Nova Scotia Progressive Conservative Leader Tim Houston says if elected in two weeks, his government plans to heavily invest in health care despite another election promise to return some corporate taxes back to employees.
Global’s Sarah Ritchie sat down with Houston ahead of the 41st provincial election to talk health care, economy, vaccines and policing.
One of Houston’s big promises during the election was a Better Pay Cheque Guarantee program, which would give businesses the option to put 50 per cent of their provincial corporate taxes toward higher wages for employees. Staff earning in the top 20 per cent of a company’s payroll would not be eligible.
When asked how his government would make up for a potential shortfall in taxes for funding things like health care – something the Progressive Conservatives have been campaigning heavily on – Houston said the province would run deficits “for a few years.”
“We’re going to run deficits because this province, right now, has to invest in people, this province has to invest in infrastructure,” he said.
“We need the right leadership team that will make the correct investments, because if we make the right investments, we’ll all be better off for it.”
Watch the full interview here:
During the 17-minute interview, Houston didn’t commit to requiring that health-care professionals be vaccinated against COVID-19 – though, in his own words, “it’s not a not-commitment.”
He said he would like to consult with public health before making any decisions.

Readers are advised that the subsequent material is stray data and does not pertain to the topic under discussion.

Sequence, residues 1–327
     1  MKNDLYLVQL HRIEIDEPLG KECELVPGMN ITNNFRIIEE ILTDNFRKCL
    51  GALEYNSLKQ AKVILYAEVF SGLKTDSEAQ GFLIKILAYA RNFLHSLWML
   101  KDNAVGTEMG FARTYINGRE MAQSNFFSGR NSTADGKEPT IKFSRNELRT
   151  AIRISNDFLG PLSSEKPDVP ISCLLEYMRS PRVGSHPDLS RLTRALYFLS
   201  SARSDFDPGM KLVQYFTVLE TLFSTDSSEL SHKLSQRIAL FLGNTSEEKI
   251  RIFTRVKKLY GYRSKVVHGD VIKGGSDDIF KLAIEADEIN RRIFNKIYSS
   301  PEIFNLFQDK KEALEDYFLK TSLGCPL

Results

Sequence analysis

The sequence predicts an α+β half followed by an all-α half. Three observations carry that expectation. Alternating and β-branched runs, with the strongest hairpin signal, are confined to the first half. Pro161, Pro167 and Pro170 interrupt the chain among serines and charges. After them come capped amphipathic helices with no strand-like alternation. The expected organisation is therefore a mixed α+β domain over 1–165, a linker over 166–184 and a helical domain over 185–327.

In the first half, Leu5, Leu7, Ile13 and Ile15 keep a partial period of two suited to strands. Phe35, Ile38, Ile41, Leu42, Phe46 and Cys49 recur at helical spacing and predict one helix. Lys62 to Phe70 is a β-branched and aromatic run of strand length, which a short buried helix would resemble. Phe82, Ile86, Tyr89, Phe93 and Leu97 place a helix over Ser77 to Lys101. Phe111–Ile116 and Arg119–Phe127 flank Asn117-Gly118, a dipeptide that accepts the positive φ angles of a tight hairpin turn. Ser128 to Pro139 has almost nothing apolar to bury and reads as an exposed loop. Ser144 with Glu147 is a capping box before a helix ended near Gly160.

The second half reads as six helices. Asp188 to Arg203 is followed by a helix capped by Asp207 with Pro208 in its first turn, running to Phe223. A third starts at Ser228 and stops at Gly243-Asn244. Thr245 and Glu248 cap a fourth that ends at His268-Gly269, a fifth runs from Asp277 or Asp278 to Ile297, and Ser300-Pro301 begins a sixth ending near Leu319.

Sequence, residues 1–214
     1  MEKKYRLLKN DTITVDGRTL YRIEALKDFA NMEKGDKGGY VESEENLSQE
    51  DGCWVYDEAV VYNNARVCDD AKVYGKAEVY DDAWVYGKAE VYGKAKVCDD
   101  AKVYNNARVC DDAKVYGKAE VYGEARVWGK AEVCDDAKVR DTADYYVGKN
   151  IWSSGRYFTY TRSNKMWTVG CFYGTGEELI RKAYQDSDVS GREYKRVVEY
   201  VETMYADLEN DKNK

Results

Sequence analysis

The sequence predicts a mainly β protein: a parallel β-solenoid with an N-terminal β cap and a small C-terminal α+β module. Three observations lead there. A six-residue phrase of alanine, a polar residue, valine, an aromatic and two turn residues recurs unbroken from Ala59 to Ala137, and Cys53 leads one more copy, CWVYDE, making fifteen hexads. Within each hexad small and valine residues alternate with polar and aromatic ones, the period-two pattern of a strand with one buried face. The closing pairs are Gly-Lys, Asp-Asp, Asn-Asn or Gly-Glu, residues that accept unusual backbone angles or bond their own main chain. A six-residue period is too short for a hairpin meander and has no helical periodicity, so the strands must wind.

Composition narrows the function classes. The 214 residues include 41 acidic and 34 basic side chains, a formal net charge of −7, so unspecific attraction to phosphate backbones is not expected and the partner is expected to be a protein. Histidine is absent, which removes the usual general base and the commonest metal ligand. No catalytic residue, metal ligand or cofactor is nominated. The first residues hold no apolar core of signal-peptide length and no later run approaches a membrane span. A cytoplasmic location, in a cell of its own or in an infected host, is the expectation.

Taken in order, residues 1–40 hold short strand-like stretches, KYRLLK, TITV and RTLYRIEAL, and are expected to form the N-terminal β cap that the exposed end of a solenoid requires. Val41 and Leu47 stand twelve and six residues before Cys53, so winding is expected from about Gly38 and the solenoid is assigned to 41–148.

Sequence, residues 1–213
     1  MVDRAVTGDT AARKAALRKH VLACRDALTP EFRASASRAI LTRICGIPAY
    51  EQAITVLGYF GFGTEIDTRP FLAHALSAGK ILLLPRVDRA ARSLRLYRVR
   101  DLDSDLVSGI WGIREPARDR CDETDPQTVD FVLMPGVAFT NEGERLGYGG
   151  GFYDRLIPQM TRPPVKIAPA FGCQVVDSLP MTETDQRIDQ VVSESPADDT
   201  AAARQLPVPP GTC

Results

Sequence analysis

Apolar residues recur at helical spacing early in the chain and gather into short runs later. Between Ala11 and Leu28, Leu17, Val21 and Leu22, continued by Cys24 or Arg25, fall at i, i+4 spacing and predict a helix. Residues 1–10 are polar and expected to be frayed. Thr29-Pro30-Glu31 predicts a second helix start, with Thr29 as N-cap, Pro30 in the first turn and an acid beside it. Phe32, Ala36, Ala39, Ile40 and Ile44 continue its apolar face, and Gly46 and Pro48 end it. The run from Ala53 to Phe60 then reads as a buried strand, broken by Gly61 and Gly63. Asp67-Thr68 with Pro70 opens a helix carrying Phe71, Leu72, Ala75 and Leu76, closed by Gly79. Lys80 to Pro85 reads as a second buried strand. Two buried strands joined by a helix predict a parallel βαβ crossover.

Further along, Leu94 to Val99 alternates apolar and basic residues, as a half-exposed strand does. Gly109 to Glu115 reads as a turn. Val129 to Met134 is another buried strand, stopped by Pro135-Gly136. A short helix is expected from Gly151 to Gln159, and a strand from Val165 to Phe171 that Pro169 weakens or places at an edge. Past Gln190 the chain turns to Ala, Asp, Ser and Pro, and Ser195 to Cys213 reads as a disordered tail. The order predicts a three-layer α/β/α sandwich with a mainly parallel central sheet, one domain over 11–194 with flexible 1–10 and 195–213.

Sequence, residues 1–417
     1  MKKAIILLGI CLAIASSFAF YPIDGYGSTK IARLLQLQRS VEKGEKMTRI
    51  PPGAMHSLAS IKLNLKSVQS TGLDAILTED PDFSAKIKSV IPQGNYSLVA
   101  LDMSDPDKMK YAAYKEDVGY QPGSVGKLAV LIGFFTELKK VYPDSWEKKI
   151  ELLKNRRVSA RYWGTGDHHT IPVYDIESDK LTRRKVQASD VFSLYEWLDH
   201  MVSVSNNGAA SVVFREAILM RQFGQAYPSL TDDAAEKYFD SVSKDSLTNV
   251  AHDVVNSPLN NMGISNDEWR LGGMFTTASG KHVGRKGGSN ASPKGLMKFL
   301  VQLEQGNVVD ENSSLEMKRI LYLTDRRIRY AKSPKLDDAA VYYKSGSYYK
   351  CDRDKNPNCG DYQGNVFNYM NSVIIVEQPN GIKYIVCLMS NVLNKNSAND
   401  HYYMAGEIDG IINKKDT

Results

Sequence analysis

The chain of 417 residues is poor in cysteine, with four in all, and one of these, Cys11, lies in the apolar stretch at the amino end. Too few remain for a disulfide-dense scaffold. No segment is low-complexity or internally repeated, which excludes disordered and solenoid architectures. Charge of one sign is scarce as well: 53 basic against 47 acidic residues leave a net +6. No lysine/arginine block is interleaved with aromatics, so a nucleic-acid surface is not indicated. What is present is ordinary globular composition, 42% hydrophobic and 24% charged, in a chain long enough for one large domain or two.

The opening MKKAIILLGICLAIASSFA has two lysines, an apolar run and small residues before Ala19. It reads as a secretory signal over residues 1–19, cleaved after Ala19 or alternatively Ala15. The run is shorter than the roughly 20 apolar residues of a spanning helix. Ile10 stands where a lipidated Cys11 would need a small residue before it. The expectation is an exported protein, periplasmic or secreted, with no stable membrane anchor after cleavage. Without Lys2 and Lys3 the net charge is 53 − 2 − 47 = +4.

“I’m an accountant. That’s my background,” said Houston, who is fully vaccinated against COVID-19. “I’m certainly not an expert on vaccines, I’m certainly not an expert on public health. But I believe I have the confidence to involve those that do, so we’ll have those discussions.”
Prior to the pandemic, in 2019, the Progressive Conservatives introduced a bill that would make vaccinations mandatory in public schools in Nova Scotia, but Houston says the party has since “backed away from that a little bit.”
He said he would like to prevent the re-emergence of conditions like whooping cough, but said that particular piece of legislation is no longer a focus for the party.
RCMP in Nova Scotia
Meanwhile, the issue of policing has been a hot topic in Nova Scotia – especially following the RCMP’s response to the April 2020 shooting spree that left 22 people dead.
The RCMP has faced criticism over how they responded to the massacre and the aftermath, which raised questions about the role the RCMP plays in rural policing.
Houston said he was interested in seeing the results of the public inquiry into the shooting. While the RCMP contract is not in his platform, he said he will look at it if he gets into office.
— With files from Sarah Ritchie